Monday, February 15, 2010

Stalking The Wild Acorn

As an aspiring, would-be, wannabe, someday-gonna-be writer I draw strength and inspiration from stories like that of Euell Gibbons, author of the 1962 classic Stalking The Wild Asparagus. In the edition a friend loaned to me (yes, I will give it back... someday) there is a wonderful introduction written in 1968 by environmental writer John McPhee.

McPhee writes of Gibbons: "In the years that followed, Euell worked as a cowboy. He pulled cotton. He was for a long time a hobo. He worked in a shipyard. He combed beaches. The longest period during which he lived almost exclusively on wild food was five years. All the while, across the decades, he wished to be a writer. He produced long pieces of fiction, and he had no luck.

"Discouragement seemed to come to him with inordinate frequency, so he was not surprised. He passed the age of fifty with virtually nothing published. He saw himself as a total failure, and he had no difficulty discerning that others tended to agree. Finally, after listening to the advice of a literary agent, he sat down to try to combine his interests... he told everybody else how to gather and prepare wild food... He called his first book "Stalking The Wild Asparagus." It became a part of the beginnings of the ecological uplift, and it sold well enough to get onto the best-seller lists. In each succeeding year, it sold more copies that it had the year before."

I'm struck by the similarity with Brian Jacques, author of the Redwall series I talked about in the previous post. Among his many & varied careers: Longshoreman, stand-up comedian, truck driver and playwright.

I believe Michener wrote his first novel at 45. Perhaps that's the magic age where you finally have something to say. I think my background is just itinerant enough, and certainly eccentric enough, to finally have a tale to tell. Or at least retell.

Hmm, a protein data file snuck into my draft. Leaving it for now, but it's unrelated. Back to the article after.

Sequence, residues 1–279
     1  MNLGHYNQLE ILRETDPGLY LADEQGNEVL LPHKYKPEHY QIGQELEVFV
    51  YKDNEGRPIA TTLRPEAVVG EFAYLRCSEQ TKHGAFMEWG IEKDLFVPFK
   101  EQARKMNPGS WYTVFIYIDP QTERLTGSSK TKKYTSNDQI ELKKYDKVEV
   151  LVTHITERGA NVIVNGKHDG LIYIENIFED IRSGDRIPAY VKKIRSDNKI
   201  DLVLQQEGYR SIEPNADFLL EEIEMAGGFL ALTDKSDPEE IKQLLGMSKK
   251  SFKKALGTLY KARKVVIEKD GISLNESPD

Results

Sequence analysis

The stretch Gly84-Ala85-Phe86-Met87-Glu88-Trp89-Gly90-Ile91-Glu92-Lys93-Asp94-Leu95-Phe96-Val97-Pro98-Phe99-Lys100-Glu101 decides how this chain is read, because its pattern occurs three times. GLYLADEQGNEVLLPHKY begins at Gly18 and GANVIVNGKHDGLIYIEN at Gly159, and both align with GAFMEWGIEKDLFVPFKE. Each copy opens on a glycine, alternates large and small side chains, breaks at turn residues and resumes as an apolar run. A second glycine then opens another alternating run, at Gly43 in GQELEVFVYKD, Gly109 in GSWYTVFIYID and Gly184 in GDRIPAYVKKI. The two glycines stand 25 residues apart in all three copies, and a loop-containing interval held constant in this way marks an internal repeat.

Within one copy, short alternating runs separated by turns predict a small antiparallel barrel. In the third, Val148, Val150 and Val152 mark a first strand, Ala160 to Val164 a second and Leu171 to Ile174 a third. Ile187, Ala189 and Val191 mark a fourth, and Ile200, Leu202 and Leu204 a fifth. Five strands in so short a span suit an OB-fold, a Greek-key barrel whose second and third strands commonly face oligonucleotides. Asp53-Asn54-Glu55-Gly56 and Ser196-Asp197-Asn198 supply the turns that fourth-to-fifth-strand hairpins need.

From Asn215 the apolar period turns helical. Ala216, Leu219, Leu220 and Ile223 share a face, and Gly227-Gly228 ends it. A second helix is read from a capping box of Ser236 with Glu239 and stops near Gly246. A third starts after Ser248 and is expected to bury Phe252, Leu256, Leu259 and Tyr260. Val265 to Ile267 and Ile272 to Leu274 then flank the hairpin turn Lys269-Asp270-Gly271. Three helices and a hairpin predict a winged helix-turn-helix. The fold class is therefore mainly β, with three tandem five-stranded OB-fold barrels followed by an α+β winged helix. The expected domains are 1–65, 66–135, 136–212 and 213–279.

Back to Gibbons. It is very telling that the guy who knew more about eating wild food - a guy who actually lived for long periods of time only on wild food, and therefore knows first hand the RATIO of effort-to-sustenance inherent in each food - devotes the first chapter about a specific foodstuff to the acorn:

"If we consider the whole sweep of his existence on earth, it seems likely that mankind has consumed many millions of tons more of acorns that he has of the cereal grains, which made their appearance only during the comparatively recent development of agriculture. It seems a pity that the food which nourished the childhood of our race is today nearly everywhere neglected and despised."

The chapter goes on to describe several means of preparing and eating acorns... which I'll try myself and cover in future posts.

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